The considerations outlined above have led us to produce a rational vapoursing device which perimuts of burning any fuel desired. The feed of the fuel being secured by means of a pump of variable delivery, we have with this pump an air pump which has a proportional delivery, and consequently furnishes the exact amount of operation. This volume of air, by means of a common jet is discharged into a combustion chamber at the same time as the oil, and the jet of air completely pulverises the fuel, so that we obtain a completely homogenous combustible mixture which, by aid of a priming effect obtained by the burning of a small quantity of alcohol, may be ignited just as easily as a gas-jet, and instantly brought to its maximum intenisty.
This arrangement presents very important advantages. The first is the doing away with the apparatus known as the burner. The method of mixing fuel and air does away with the need for any attention as to the adjustment of proportions whatever be the speed of the pumps or of the vehicle. The wind has absolutely no effect on this fire, as it burns in a closed chamber. Besides, draught chimneys are done away with, as the products of combustion are discharged under pressure through a tube of small diameter, at any convenient point of the vehicle, and in any direction desired. Owing to the perfect proportions of the mixture, the efficiency is a maximum at all rates of combustion. The pressure in a generator fitted with a burner of this type may be raised to its normal value in less than two minutes.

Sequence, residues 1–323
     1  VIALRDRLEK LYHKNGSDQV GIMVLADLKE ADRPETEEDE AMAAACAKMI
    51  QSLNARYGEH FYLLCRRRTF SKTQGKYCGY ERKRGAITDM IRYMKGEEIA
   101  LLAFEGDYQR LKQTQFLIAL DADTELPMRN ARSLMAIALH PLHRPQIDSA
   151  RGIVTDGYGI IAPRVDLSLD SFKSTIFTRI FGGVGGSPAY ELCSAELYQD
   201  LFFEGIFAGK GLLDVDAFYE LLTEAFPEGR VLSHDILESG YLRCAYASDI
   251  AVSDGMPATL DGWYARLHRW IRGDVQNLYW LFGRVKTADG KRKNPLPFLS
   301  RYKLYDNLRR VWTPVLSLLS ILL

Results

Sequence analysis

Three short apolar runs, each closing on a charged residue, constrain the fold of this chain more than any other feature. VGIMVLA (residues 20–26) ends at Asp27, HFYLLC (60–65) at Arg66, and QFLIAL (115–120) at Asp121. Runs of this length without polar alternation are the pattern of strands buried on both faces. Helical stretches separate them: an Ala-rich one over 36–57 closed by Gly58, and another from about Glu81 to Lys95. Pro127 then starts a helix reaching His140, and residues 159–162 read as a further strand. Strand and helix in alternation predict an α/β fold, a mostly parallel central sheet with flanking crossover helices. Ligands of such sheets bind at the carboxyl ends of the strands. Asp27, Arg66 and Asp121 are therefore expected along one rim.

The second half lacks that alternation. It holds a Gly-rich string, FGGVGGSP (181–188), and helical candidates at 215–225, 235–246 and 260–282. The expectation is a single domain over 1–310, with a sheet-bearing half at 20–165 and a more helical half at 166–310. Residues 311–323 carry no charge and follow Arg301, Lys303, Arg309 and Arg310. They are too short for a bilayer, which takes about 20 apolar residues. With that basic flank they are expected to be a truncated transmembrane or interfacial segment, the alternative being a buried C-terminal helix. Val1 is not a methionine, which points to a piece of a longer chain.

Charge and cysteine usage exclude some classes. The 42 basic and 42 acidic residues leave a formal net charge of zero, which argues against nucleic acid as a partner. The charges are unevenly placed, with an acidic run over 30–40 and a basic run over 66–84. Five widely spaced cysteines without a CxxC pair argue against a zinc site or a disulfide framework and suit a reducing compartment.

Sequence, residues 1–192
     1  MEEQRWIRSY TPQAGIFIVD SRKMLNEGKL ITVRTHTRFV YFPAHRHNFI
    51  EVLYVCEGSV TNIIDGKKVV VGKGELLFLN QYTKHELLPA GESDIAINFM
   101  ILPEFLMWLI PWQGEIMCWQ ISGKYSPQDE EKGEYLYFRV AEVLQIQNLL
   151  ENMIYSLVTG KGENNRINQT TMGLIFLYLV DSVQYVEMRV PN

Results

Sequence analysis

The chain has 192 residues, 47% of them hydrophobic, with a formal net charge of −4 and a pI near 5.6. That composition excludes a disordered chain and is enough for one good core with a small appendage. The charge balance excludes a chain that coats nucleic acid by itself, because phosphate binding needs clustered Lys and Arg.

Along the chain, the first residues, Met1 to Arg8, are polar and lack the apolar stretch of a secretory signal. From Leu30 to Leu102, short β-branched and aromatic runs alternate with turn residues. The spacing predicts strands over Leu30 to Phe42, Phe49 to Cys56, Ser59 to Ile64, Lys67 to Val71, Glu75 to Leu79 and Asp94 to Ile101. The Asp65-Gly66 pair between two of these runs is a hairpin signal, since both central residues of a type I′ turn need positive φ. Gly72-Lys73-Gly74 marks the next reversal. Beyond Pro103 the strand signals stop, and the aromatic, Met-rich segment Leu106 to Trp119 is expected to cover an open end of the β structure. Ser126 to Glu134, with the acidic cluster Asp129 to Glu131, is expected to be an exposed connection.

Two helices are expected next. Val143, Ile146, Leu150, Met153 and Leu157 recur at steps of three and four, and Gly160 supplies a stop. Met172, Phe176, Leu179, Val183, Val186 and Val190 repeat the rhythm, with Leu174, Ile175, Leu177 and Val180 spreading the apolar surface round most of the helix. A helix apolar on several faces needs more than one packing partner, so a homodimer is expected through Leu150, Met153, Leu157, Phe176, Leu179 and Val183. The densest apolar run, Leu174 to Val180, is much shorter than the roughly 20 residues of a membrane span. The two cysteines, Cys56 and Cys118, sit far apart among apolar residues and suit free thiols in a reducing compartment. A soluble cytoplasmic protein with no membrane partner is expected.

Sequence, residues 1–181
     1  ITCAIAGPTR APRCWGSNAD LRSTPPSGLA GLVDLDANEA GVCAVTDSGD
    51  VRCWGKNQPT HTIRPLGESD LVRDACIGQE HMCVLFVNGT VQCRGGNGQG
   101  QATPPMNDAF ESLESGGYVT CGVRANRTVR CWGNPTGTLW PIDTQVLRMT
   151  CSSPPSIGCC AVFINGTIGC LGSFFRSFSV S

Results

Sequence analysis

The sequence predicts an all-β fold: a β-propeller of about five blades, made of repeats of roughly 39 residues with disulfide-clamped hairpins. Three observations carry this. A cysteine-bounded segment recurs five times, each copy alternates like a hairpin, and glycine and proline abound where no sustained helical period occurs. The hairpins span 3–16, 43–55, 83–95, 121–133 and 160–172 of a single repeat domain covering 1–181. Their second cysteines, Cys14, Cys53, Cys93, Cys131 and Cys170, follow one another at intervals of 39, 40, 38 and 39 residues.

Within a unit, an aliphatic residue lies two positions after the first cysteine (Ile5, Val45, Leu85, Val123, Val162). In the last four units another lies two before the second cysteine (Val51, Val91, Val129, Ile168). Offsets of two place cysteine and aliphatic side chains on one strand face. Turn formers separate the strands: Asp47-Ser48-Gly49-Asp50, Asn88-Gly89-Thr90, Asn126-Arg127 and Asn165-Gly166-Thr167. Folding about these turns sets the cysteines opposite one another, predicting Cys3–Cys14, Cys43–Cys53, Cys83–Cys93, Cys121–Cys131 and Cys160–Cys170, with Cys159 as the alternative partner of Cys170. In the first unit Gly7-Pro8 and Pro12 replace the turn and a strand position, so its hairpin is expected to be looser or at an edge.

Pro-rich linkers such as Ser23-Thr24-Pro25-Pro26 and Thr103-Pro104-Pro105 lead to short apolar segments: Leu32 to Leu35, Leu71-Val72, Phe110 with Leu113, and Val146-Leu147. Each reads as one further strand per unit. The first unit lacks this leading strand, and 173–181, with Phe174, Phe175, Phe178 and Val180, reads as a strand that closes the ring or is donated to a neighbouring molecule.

Generally speaking, automobile steam boilers are supplied with feed-water by means of an automatic pump, either with a fixed stroke and a bypass to the tank, or with a variable stroke. A steam injector is never employed, except with tank boilers. Several firms have long since adopted the so-called "small horse" (donkey pump i.e direct acting steam pump) feeding arrangement. A Serpollet car took part in the Paris-Berlin race in 1901, fed by a Thirion "small horse" operating the two pumps for water and kerosene respectively.
We shall not discuss the methods of feed employed with tank generators, which, fitted with a pressure-gauge, safety valve, etc., are always operated by professional mechanics. The feed with generators employing a liquid combustible is generally automatic; that is to say on certain cars, such as the Stanley and White; there is provided an apparatus designed to regulate the fire in accordance with the temperature or pressure of the steam, but the feeds of water and fuel are independent of each other.
In the Serpollet car since 1888, and in the Friedmann car since a more recent date, fuel and water are fed proportionately- that is to say, the fuel and water pumps are interconnected mechanically and have always a proportional dscharge, whatever may be the speed of the parts driving them. In the Serpollet 1906 model an air-pump has been added to these two pumps, designed to furnish the air for pulversing the heavy oil or kerosene and for burning it.
A 1906 Gardner-Serpollet, image courtesy of: http://www.trombinoscar.com/veterans/gardner0501.html